Soon after agreeing to the new contract, Moskowitz taped a statement to the front window of the store, expressing that she was proud of the contract and Moe’s openness to organized labor. The statement, which was posted to Moe’s instagram and Facebook accounts, also encouraged other businesses, specifically large bookstores, to allow workplace organizing.

“If a small, independent used-book seller can accomplish this while keeping the doors open during a global pandemic,” the statement reads, “there is no reason for more lucrative companies to claim labor organizing will shut down their business or harm their employees.”

Two days after the statement appeared on Moe’s books social media sites, Moe’s Books union’s Twitter account put up a post stating “There’s a little revisionist history going on over at the boss’s social media site.”

While largely happy with the contract, Moe’s Books worker Phoebe Wong told this publication she’s uncomfortable with the owners’ actions immediately following its ratification.

“I’m really pleased and so proud of the work everyone put into doing the contract,” said Phoebe Wong. “But it’s been a long fight. And, to be honest, it makes me a little queasy to see ownership touting pride because it seems pretty dishonest considering the pushback we got.”

Despite some mixed feelings from workers about the owner’s reactions to the union, both workers and ownership expressed optimism about what they think the Moe’s Books union can do for the future of the four-story store with over 200,000 mostly used books.

“If customers see the positive impact of shopping at independently owned stores that do all they can to support their workers,” said Moskowitz, “then this agreement will only make Moe’s Books’ future stronger.”

“Moe’s now offers good wages, good benefits, and job protection,” said Hill. “I think we have a lot to offer to workers, and that we will be able to employ top quality people. I don’t think I’m being too dramatic when I say that the union saved the business.”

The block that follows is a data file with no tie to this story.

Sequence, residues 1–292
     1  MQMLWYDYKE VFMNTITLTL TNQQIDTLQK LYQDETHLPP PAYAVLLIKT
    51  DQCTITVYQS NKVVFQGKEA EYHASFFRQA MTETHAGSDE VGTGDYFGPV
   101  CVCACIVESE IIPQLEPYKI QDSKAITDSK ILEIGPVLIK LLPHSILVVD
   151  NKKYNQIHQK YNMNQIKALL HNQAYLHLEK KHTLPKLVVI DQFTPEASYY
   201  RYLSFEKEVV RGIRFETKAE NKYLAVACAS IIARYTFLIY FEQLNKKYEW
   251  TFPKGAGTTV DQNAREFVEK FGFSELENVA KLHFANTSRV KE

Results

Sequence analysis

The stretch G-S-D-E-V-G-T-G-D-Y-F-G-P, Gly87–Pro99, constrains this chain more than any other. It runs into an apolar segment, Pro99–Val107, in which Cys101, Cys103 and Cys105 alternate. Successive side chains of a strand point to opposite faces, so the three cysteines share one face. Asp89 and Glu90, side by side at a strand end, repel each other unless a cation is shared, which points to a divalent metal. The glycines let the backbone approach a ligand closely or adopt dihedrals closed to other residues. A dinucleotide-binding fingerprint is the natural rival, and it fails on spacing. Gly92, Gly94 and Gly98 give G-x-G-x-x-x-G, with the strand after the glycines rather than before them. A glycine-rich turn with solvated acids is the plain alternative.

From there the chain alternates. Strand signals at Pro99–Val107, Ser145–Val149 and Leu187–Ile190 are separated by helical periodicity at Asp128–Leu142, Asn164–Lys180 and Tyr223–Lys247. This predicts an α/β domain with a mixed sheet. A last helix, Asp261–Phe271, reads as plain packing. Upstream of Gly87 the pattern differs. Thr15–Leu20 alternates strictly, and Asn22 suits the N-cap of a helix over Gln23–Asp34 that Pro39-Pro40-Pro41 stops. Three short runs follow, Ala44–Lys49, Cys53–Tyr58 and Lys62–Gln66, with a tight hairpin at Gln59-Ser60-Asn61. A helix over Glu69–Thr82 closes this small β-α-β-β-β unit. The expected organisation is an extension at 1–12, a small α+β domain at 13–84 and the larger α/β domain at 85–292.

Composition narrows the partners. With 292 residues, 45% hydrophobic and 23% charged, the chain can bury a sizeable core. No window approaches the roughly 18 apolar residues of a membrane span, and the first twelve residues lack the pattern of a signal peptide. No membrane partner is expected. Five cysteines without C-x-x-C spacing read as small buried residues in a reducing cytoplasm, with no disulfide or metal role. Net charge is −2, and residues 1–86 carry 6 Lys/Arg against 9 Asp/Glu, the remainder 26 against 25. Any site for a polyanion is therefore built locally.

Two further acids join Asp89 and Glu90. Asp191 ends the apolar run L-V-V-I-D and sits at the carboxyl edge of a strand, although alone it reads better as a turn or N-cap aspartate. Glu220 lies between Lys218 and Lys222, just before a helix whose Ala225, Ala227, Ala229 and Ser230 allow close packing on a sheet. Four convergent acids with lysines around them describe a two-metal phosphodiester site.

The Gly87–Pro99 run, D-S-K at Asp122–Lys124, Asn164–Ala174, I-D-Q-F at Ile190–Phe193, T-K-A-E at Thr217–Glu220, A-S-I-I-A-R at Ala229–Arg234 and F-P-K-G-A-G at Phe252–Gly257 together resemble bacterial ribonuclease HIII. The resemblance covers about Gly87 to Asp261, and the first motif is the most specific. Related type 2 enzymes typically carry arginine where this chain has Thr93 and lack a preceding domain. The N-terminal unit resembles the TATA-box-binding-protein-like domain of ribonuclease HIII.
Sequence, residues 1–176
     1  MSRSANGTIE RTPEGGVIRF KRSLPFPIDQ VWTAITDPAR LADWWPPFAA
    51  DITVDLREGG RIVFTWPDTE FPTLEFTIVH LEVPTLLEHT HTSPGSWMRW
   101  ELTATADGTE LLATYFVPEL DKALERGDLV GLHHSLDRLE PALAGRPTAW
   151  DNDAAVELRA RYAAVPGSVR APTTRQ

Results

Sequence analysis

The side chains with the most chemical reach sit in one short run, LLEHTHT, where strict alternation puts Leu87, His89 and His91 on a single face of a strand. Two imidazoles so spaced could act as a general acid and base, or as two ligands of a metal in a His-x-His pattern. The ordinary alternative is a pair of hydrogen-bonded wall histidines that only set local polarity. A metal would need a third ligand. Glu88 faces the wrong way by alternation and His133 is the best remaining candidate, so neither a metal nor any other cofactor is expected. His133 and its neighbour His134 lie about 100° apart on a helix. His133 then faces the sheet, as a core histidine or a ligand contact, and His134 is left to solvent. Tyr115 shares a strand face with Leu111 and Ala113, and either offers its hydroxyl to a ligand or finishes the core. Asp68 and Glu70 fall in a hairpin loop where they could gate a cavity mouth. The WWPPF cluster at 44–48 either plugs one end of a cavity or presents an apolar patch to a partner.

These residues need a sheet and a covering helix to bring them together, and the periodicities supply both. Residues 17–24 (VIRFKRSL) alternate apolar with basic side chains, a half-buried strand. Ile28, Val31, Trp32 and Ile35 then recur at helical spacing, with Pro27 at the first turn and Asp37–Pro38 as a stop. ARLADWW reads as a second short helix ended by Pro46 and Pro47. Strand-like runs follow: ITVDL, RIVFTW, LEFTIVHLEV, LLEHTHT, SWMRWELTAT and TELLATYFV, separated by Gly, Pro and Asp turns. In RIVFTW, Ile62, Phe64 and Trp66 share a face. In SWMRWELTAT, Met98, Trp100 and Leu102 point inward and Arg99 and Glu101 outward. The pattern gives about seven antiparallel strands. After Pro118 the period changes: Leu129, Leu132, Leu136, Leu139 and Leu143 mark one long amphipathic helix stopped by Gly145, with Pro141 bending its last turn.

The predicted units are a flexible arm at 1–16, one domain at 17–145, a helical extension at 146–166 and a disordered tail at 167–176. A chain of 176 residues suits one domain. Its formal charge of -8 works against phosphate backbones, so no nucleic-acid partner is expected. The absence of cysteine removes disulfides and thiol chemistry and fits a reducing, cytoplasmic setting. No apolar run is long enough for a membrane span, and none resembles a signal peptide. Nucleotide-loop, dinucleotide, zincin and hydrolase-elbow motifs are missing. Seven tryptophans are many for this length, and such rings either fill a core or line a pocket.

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Activism

Leaders Push Pardons, Payouts for “Port Chicago 50” Black Sailors U.S. Navy ‘Unjustly’ Punished

According to a 2009 California Senate Joint Resolution (SJR-21), authored by former state Sen. Roderick Wright (D-Inglewood), on the night of July 17, 1944, two transport vessels loading ammunition bound for the war in the Pacific at the Port Chicago naval base on the Sacramento River in California were suddenly engulfed in a gigantic explosion.

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African American sailors of an ordnance battalion preparing 5-inch shells for packing at the Port Chicago Naval Magazine in 1943. The explosion occurred a year later. U.S. Navy photo.
African American sailors of an ordnance battalion preparing 5-inch shells for packing at the Port Chicago Naval Magazine in 1943. The explosion occurred a year later. U.S. Navy photo.

By Antonio‌ ‌Ray‌ ‌Harvey‌ | California‌ ‌Black‌ ‌Media‌

A growing chorus of Black leaders and activists in California is calling on the federal government to pardon 50 Black sailors they allege the U.S. Navy wrongfully punished nearly 80 years ago.